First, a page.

Okay, so the next step is, what can you compost? Both our answers are everything that’s organic matter, basically. You’re pulling your plastics out, and other than that, you can compost anything. Yeah paper, cardboard, I mean, it’s really kind of important to think about those things too, because the less we send of those to the landfill, and obviously if you’re recycling then we have a whole other talk about recycling, but when you can add that to your compost seep in, and a lot of times that makes a lot of sense because it feeds the earth the same way.
So Sarah is asking a paper, including ink. Yeah, I’m assuming you mean paper with ink on it. Most inks now are non-toxic inks, so there’s not really a… Trying to think of those glossy magazine ones are going to take a little bit to break down, but-
So, it may not be in the compost that you want to put in your garden, but I still think it’s better than putting it in a landfill. So you might want to have a separate situation for your materials that you’re composting that are not maybe 100%, not synthetic, maybe is the right word. And you can always dig into what is the ink that you’re using and is it biodegradable and all of those different things? Would you want to put it in your garden? I don’t know, but that could be something that you’re just aware of. So you can have a separate bin maybe for that, but if you’re using something, some kind of a… Oh, I forgot what the word is, a worm or a fly to digest, I feel like that’s removing the danger of using anything like that in your compost.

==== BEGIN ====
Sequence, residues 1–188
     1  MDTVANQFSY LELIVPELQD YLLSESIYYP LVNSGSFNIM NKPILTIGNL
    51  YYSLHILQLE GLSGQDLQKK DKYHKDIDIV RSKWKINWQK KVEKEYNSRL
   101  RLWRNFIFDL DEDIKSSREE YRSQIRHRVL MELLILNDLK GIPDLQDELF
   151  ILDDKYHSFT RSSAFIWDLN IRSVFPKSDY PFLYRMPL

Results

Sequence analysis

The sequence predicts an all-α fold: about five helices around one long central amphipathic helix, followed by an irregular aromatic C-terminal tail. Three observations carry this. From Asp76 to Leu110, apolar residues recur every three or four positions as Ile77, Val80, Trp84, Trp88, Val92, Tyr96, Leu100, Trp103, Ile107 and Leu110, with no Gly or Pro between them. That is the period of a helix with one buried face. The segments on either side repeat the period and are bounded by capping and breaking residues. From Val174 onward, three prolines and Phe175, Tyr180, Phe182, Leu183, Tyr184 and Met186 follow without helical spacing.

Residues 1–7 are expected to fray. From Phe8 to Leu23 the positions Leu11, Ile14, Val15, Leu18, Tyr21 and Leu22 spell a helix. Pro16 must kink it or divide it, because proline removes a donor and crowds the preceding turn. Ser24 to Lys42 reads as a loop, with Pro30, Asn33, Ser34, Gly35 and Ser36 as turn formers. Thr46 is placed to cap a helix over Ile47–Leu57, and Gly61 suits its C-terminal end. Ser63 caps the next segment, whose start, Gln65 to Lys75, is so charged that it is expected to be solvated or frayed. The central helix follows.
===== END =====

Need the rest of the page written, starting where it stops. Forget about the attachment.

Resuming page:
Because the last time I looked at magazines, newspapers, all of them now are pretty much required, thankfully to have non-toxic ink.
I think that’s kind of a rule.
And that’s in the US, I mean, I know we have people from kind of all over the world, so it could be different, but definitely, I feel like a small Google research will let you know that ink for that publication.
Yeah, or even looking at your box, ink so yeah.
So yeah, animal waste, human waste, veggies, meat, dairy, grains, paper and cardboard, grass leaves, coffee grinds, tea bags, and eggshells. One of my favorite things is cardboard, you guys know how it’s got these little ribs in it, that make the perfect worm house. So when you put that cardboard down on the ground, the worms actually go in there and they lay eggs in those little cells. It’s almost kind of like a bee honeycomb.
Yeah, like a habitat for them. So it’s a great place, instead of throwing your cardboard out, you can just make a part of your composting, you can have just a compost heap of just cardboard and you can use it to mulch your garden, that sort of thing, and that’s increasing the amount of worms in your soil, which is giving you more healthy soil.
Layers, we want layers.
Where should I put my compost?
Okay. So how do I get started? The first step is you have to have something to put your compost in and-
Hey, we’re talking about kitchen scraps.
We’re talking about kitchen scraps, right. I mean, that’s probably most people-